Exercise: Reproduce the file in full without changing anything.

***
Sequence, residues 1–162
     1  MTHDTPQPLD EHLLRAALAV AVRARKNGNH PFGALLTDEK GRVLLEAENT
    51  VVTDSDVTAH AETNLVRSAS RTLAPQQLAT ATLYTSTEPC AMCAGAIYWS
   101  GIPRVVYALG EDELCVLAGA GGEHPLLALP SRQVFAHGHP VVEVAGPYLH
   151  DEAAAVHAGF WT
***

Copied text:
Sequence, residues 1–162
     1  MTHDTPQPLD EHLLRAALAV AVRARKNGNH PFGALLTDEK GRVLLEAENT
    51  VVTDSDVTAH AETNLVRSAS RTLAPQQLAT ATLYTSTEPC AMCAGAIYWS
   101  GIPRVVYALG EDELCVLAGA GGEHPLLALP SRQVFAHGHP VVEVAGPYLH
   151  DEAAAVHAGF WT